City addresses growth

By Nina Gougis

Population growth in the school district and local traffic density were two major concerns of the DeKalb Plan Commission as they discussed Wednesday the next update to the comprehensive plan.

The plan will address ways to deal with the district’s student growth and help determine the number of sites allocated to elementary, middle and high schools.

Although all of them have experienced steady growth, there has been a faster increase in enrollment in middle and high schools, city planner Ray Keller said.

Giving more money to middle and high schools could help deal with the significant student growth, he said.

Keller also said he expects three more elementary sites and one to two more middle school sites over the next 10-15 years.

The commission also discussed the possibility of trucks driving through downtown DeKalb to avoid toll increases on Interstate 88.

A significant number of trucks already go through South Annie Glidden and Peace Roads’ toll exits, Keller said. Although the number of trucks going through the downtown area is small compared to the tollway, the smaller space makes it more noticeable, he said.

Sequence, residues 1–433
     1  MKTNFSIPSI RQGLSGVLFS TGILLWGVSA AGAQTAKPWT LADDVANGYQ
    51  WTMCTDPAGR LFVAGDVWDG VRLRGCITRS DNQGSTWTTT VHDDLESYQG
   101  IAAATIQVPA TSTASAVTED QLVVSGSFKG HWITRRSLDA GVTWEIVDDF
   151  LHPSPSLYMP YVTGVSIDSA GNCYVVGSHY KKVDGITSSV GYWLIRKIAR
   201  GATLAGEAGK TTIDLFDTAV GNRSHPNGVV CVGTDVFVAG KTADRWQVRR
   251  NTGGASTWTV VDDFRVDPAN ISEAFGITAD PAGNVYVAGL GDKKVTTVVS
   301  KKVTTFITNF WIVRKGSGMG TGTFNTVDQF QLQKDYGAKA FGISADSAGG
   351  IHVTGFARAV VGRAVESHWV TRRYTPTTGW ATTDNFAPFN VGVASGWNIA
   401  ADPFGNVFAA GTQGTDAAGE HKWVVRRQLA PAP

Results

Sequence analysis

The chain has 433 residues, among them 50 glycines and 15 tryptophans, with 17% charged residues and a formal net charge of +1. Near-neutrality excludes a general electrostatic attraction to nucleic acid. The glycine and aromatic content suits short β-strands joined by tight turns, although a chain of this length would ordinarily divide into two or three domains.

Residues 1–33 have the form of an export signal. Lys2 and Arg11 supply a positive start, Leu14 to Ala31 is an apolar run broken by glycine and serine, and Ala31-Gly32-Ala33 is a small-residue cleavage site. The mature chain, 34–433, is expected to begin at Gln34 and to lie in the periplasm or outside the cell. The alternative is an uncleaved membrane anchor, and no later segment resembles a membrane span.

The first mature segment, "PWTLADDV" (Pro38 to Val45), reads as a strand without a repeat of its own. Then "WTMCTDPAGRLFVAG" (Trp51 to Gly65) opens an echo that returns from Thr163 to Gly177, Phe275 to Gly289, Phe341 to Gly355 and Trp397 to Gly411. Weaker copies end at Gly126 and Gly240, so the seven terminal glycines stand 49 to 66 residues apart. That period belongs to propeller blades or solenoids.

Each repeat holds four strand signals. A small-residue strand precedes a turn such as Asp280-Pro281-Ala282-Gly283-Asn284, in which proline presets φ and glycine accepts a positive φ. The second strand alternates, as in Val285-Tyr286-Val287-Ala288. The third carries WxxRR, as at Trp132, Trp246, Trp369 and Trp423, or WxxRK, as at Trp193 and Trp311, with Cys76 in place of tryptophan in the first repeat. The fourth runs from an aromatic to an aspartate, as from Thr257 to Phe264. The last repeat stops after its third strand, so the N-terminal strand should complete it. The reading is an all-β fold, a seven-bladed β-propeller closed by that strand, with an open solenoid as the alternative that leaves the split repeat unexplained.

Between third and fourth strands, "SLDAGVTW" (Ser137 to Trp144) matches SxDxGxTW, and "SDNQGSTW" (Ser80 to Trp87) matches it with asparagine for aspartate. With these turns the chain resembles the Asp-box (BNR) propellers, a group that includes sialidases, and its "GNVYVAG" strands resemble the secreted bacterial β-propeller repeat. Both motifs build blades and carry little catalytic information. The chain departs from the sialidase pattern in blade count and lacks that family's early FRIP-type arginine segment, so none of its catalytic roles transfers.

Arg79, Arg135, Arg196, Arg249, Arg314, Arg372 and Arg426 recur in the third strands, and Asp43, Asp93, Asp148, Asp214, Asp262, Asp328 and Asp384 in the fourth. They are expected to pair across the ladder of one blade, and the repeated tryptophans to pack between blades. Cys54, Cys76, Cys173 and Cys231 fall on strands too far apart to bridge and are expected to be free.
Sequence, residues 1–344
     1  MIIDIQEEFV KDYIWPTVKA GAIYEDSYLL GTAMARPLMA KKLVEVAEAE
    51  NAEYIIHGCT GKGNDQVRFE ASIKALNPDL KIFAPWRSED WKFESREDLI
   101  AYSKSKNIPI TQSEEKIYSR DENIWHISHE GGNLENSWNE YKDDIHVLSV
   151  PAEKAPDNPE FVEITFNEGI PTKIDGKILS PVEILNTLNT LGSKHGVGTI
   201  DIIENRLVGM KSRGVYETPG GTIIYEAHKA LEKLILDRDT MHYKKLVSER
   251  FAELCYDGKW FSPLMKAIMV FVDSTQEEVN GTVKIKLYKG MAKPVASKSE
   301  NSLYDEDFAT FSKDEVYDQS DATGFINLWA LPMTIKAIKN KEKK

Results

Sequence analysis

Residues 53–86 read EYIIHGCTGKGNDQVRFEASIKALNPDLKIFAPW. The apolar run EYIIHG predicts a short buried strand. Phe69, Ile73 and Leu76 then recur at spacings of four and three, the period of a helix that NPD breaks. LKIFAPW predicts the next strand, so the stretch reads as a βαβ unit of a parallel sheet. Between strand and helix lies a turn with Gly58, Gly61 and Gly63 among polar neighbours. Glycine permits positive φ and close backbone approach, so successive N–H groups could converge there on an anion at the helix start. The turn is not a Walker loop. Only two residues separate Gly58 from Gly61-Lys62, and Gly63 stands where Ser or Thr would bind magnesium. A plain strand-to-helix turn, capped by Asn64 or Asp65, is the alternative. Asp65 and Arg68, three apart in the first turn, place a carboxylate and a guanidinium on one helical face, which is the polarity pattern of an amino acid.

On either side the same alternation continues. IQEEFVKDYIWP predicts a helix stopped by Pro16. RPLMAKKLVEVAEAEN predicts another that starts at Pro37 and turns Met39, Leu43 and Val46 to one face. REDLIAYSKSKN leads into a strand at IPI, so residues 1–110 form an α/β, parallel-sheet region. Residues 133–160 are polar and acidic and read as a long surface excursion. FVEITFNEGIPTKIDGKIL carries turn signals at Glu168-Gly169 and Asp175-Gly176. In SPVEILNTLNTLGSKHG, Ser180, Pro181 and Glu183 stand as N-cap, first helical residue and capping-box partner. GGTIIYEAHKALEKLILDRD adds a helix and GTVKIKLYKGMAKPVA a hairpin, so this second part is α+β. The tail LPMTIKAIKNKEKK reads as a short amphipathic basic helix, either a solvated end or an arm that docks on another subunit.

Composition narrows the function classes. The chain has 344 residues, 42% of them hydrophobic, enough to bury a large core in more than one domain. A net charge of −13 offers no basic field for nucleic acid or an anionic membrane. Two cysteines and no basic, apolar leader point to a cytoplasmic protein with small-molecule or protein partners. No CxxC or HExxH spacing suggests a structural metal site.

Any changes, however, are likely to be temporary since the increased time and labor costs outweigh the benefits of not paying tolls, plan chair Rich Fassig said.

“Higher tolls might get people using Route 38 for a while thinking they will save money, but that will wear off,” Fassig said.

In addition, the commission approved the final plat and plan for Gardens of RiverMist Townhomes Unit 2, west of Sangamon Road and north of Spruce Drive.

The commission also discussed a plan for Grand Pointe Homes to build 180 townhomes on the east side of South Fourth Street between Manning and Fairview drives.

The commission suggested the units be spaced farther apart and the residential density be reduced from 12 units per acre to 6-8 units per acre.

This will help improve aesthetic quality of the development, which is important since it would be located near a state highway, Fassig said.

Rick Zirk, vice president of Grand Pointe Homes, said the landowner will need a certain number of units to raise a reasonable profit.

“We are trying to balance the needs of the landowner with the needs of the community,” Zirk said. “There is a way we can make it work.”

The next plan commission meeting will be at 7 p.m. Oct. 13 at the DeKalb Municipal Building, 200 S. Fourth St.